As the name suggests, the Roam ¾ Bib is not a full, traditional bib. Instead, it’s closer to those high-waisted jeans that are making a comeback, with a couple inches of stretch material and suspenders built in to the waist.

In my experience, this design still keeps out snow and keeps your pants up like a traditional bib, but also allows the piece to be lighter, and allows the chest area to breathe better.

Cy Whitling reviews the Trew Roam 3/4 Bib for Blister Gear Review.
Cy Whitling in the Trew Roam 3/4 Bib, Elk River Falls, ID. (photo by Ben Herndon)

I am consistently a Large in ski outerwear, and the Roam fits true to size. I generally wear size 32×34 casual pants, and the Roam’s length felt spot on—they aren’t so long that they bunch up under my boots while hiking, but they don’t lift up above my ankles, either. I have plenty of extra space around the waist, which I could cinch down with the included belt loops, but I found the waist is not so wide as to really require that.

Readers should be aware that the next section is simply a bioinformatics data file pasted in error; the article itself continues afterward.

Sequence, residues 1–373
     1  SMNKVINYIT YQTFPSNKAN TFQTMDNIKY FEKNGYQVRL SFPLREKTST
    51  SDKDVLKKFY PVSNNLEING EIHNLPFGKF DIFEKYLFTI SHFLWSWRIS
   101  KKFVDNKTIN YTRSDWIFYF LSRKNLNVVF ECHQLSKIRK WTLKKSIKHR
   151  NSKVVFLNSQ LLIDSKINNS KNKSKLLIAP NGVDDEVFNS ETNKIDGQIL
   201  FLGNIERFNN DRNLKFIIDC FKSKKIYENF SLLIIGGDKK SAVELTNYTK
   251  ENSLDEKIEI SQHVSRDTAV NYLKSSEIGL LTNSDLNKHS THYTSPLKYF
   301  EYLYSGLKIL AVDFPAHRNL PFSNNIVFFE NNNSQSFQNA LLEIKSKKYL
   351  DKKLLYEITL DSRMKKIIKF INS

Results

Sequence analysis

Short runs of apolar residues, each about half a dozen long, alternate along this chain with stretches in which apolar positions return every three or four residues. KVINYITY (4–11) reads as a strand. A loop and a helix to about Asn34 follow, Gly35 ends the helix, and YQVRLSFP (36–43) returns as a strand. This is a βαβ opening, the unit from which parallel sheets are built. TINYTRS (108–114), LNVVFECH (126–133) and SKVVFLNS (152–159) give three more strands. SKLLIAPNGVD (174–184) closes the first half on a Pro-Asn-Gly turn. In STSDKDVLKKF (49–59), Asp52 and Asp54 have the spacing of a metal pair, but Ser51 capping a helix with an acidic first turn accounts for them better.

The Roam has a slimmer fit than most inbounds pants I’ve used, but it’s nowhere near a skinny fit. It’s a touch baggier than the Arc’teryx Lithic comp pants, but not so baggy as to ever get in the way and restrict motion.

Overall, the Roam’s fit falls on the slim slide of average, which in my opinion, is perfect for a backcountry-focused pant.


Like the Wander Jacket, the Roam uses a 40D material for the body, and a thicker 80D material for the knees. As I mentioned in my Wander review, the fabric is surprisingly soft and quiet, and has a little bit of stretch. There’s none of that crinkling sound or feel that I usually associate with a 3-layer piece. And after 19 days of touring (and a couple of trips that involved ice axes or a whippet) I have yet to see any sort of wear on the face fabric.